Why Google Wave Matters

Lots of discussion around the web about Google Wave.  One common meme floating around dismisses it as an Outlook clone.

I think it’s a mistake to focus on the ‘features’ and the ‘user interfaces’ Google demonstrated.  They are of course necessary to illustrate how this new architecture can be used.  But these interfaces will evolve and morph over time.

Wave matters  because it shifts  communication and collaboration from a document transmission paradigm to a shared document editing paradigm where all documents exist in a shared repository potentially accessible by anyone.  This makes it much easier to ‘mix and match’ different kinds of communication and collaboration — which will likely lead to entirely new forms of interaction over time.

The Traditional Document Transmission Paradigm

Traditional paradigms are all based on the idea of a document being transmitted from one or more authors to one or more readers.  An email, is a very directed communication.  The document may be ‘passed around’ and forwarded to others who might add to the content.  An IM is typically quite a short document.  A tweet is by definition a short document, but one that is shared with many people.  A blog is a longer document – again shared publicly with many people.  Comments on emails, IM’s or blogs are all (typically) document based – your comment is appended to the document.

Likewise, collaborative editing is also document based.  Multiple people can edit the document – it can be sent around to different participants for comments – but (at least in the Microsoft paradigm) the document itself is passed around and edited and is the repository of the collected activity.  People tend to edit the document sequentially appending their edits to it.  The document itself is physically ‘passed around’ – either by email or checking it out of some shared repository.

The New Wave Paradigm

In the Wave paradigm every communication takes the form of a shared document in the cloud.  Communication is accomplished through shared editing of the document and real-time transmission of the changes to a group of readers or participants.  Every document is potentially accessible to anyone and everyone – you extend or contract the circle of people involved by explicitly controlling who has access to the document and what their rights are.

This paradigm easily accommodates all the traditional forms of communication and collaboration.  An email is a shared document with a restricted audience.  An IM is also a shared document with a restricted audience – just shorter.  A blog or tweet is a shared document with a public audience.  Social network type communications are shared documents with defined groups as audiences.  Changes in documents are transmitted to readers or listeners in real-time.  And of course, in the case of collaborative documents anyone given access and authority can participate in the construction of the document.  At any point in time.  There is no need to ‘pass the document’ around for editing.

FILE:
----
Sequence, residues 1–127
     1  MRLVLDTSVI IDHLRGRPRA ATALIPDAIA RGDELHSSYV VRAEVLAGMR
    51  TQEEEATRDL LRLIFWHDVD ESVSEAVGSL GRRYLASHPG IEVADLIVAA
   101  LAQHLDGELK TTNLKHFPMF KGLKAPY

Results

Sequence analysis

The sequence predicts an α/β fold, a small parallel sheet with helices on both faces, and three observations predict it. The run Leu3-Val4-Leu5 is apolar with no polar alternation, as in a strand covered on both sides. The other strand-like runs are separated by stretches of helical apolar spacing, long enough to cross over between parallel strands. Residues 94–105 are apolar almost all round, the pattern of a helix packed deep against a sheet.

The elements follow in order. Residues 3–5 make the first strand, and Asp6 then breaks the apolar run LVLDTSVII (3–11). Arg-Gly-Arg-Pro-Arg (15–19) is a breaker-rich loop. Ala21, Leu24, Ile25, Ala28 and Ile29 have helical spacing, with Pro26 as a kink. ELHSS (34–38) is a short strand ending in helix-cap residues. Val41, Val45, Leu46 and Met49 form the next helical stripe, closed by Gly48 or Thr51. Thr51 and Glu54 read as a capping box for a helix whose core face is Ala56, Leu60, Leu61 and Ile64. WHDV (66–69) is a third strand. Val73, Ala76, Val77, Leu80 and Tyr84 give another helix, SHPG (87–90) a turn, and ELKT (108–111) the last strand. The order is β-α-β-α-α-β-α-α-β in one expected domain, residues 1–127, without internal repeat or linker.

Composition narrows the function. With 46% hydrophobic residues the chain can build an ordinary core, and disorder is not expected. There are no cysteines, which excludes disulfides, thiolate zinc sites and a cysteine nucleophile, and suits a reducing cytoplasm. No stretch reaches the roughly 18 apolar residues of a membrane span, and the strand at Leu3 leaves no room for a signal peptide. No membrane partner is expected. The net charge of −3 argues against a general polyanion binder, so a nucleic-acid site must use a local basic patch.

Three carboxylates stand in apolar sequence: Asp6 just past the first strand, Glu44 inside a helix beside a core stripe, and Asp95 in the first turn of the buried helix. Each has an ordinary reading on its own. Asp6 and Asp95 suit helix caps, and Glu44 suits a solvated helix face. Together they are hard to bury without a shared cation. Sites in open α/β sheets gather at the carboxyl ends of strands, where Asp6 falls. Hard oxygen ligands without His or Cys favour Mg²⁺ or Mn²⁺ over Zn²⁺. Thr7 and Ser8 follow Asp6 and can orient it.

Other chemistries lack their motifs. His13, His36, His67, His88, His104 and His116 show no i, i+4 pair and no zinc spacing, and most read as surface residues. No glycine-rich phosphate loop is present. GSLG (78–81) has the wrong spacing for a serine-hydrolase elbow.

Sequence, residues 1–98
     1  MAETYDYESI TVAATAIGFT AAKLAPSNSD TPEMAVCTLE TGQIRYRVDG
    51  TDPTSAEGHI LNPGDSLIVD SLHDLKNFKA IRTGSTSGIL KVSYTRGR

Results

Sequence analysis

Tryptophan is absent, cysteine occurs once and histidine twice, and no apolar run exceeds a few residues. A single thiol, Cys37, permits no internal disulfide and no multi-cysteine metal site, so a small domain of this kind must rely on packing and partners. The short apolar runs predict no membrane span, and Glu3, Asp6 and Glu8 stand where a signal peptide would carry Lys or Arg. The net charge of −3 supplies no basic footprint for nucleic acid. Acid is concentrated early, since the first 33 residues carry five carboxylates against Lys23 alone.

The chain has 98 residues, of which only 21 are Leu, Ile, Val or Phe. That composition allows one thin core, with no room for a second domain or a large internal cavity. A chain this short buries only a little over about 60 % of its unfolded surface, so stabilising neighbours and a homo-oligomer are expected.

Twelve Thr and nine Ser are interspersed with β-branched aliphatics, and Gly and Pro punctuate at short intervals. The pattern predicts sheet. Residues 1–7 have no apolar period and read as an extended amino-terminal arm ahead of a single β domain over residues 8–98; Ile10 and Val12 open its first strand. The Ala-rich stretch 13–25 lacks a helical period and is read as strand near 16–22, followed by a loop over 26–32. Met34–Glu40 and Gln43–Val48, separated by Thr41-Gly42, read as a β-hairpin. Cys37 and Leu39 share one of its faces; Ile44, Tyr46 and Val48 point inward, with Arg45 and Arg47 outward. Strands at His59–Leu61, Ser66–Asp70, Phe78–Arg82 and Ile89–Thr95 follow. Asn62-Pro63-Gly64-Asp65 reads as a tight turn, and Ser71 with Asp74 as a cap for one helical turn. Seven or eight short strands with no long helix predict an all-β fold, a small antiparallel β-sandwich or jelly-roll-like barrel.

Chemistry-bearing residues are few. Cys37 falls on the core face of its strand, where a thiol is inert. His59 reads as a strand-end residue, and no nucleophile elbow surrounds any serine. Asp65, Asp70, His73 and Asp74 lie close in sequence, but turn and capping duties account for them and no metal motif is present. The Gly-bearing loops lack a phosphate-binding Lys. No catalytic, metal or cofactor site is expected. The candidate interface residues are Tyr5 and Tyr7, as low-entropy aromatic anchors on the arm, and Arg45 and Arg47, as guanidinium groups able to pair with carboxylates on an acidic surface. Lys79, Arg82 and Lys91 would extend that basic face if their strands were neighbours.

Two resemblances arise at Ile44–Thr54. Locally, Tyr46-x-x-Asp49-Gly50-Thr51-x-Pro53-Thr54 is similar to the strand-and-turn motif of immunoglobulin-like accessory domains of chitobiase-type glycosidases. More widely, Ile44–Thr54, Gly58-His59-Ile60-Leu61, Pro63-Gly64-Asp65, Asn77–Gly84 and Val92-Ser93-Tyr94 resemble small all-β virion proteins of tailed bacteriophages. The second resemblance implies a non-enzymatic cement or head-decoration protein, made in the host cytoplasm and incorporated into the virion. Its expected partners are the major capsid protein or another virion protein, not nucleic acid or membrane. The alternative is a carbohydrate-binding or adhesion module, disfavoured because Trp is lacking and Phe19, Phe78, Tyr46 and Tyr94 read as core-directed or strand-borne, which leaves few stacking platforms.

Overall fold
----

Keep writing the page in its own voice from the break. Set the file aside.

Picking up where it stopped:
So What?

If all Wave did was replace existing paradigms – it might not be that interesting.  This explains why some people are  shrugging their shoulders.  To them, it just looks too much like existing applications.  A ‘cloud based’ re-engineering effort.

It realizes it’s true power when you start to utilize the new paradigm to ‘cross boundaries’.  Let me try to illustrate this with an imagined example:

When I read a blog post or tweet there are many different things I might want to do with it.  For example, let’s say it’s something a competitor is doing.  I might want to forward it to colleagues and have a private conversation about it.  I might want to make a comment for public consumption.  I might want to blog or comment on some or all of it for public consumption by people who are following me in some way.  In some cases, I might want to do all three.

I can do all of this today.  But it’s ackward and this ackwardness places barriers that impede the flow of communication.  It causes me to ‘not bother’ with certain kinds of communication because they take too much effort.

In a Wave world I can participate in the conversation on the existing wave (the equivalent of commenting on the blog), create a derivative wave for public consumption (the equivalent of blogging or tweeting it) and create a private conversation with a limited audience (my colleagues say) discussing the original ‘blog post’.  There can of course be both private and public conversations about my derviative public conversation as well.

The comments on the original blog post can also take the form of ‘long and thoughtful commentary’ or an interactive dialog where people are commenting and getting updates in real-time.  You don’t need to have a ‘real-time’ tool for discussing the blog contents in real-time.  You just have the real-time conversation on the blog itself.

So, I use the same tool to manage all these communication streams – my public communication, my public comments on the publications of others and various forms of private communication.  I can seamlessly move between the different paradigms.  The flow of private and public communication is unimpeded.

This reduction in ‘communication friction’ will change how we communicate.  In five years time we’ll look back and marvel at how primitive the ‘document transmission’ paradigm seems.   Communication and collaboration by editing documents ‘in the cloud’ will seem perfectly normal.

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1 Response to “Why Google Wave Matters”


  1. 1 soma March 2, 2010 at 9:10 am

    hello, spring is cooming! good post there, tnx for blog.predictabuy.com


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